My first infograph below turned out to be great thing even if the execution had room for improvement. Because of it I decided to turn this page from single topic to follow my development on design and infographics. I will be updating my personal journey on this page.
Here’s the infograpics and first posting.
Data on infographic is based on information found at ETK, some of which is rough extrapolations and rounding but gives correct impression of the overall issue.
My education is in technical / management field and I’ve worked on commercial roles in tech, no education or experience in design. Having said that I’ve always loved great design, beautiful things and numbers. When I was about 10 years old I was even pretty good at drawing, but those days are long gone now :).
So I’ve always been drawn to great infographics. One day I though why not make a stab at using my expertise and passion to build something, hence we founded Wickeddata.online. So far it’s been mostly about building the product, but as we started working on marketing I though I’ll personally start creating infographics and build our instagram account.
Going back to start, when I published the above infograph I got this comment:
“Well, I don’t think You get paid (refers to terminology used in infograph). Your demo uses an unreadable image. All this data is FTA from tilastokeskus and Your visualisation just don’t make it.”
Initially it wasn’t that uplifting, but I had to admit to myself that Samppa was right!
I made the above infographic on iMac Retina, it did look good to me on big screen 🙂 but not so much in our blog or especially with smaller devices. So very basic, those “I should have known” things. But here’s the thing, many times even if you do know, you don’t check and implement accordigly.
I decided to create checklist for myself where I will keep adding stuff as I study, do and get feedback on topic.
Maybe the biggest takeaway here is that don’t be afraid to fail, only way to ensure failure is not to do anything. Do something, encourage feedback and be open for critique and turn it into improvement.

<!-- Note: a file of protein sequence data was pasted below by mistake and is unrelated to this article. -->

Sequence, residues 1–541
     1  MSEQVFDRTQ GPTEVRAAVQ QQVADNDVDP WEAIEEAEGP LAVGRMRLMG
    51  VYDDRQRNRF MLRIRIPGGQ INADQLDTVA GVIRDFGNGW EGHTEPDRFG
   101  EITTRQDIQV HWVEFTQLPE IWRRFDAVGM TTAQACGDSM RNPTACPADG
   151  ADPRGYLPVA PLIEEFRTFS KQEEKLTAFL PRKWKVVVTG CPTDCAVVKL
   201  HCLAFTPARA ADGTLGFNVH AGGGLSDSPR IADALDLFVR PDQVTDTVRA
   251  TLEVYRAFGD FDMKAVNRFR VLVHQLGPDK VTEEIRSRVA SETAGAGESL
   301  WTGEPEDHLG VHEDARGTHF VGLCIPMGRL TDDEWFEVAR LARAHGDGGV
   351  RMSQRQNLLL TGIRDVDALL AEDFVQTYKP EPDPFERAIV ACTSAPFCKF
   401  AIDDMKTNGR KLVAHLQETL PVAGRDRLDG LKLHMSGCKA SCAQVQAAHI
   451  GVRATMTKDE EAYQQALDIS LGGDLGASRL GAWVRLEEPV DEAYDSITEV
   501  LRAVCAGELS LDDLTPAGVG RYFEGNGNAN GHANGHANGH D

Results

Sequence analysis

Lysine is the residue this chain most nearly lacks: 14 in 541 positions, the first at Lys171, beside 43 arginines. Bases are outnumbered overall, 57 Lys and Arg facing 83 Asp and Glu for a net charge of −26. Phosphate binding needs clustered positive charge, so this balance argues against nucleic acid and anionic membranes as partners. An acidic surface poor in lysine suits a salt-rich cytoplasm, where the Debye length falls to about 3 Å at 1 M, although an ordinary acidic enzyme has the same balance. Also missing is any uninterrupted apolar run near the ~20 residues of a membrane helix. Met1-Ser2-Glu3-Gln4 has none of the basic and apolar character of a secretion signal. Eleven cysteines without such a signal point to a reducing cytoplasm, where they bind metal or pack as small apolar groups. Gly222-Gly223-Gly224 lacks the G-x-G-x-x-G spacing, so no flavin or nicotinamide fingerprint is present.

1. Check your infographics & design with devices / resolutions your audience is likely to use.
2. Make sure text is easy to read.
3. Make sure graphs convey the message clearly.
This week I’ve been doing some stuff on our Instagram, while studying and searching information on how our sensory system works. Found some pretty interesting facts online (I’ll add the links later).
I personally love numbers, so I sometimes get stuck on how many times faster your brain does something etc. There’s a lot of discussion online on details, but in the end I don’t think they matter that much, even if it makes fun academic banter.
I think you can’t avoid the fact that we’ve been processing visuals through our eyes far longer than been able to read. These senses have developed to protect us, that’s why we get much stronger, immediate, emotional reaction to visuals that text.
I’m also fairly convinced that it’s much easier to create emotional impact with pictures than words. That’s why you see pictures of starving children in ads collecting for aid. There’s a reason why they don’t write a paragraph of facts, it’s first and immediate impression.
Obviously this could work both ways, so you should be mindful of type of visuals you use and make sure they support your story. You don’t want to scare people off with strong, but wrong, first impression.
Most of this stuff becomes pretty obvious if you just observe yourself. Even though we’re not all alike some general rules should apply just because the way we’ve evolved.
So maybe next time I try to find some other place than gas station to write this blog to be able to work on some visuals 🙂
The other thing I’ve started following are 3D drawings, pretty amazing stuff. You can find some in our pinterest board.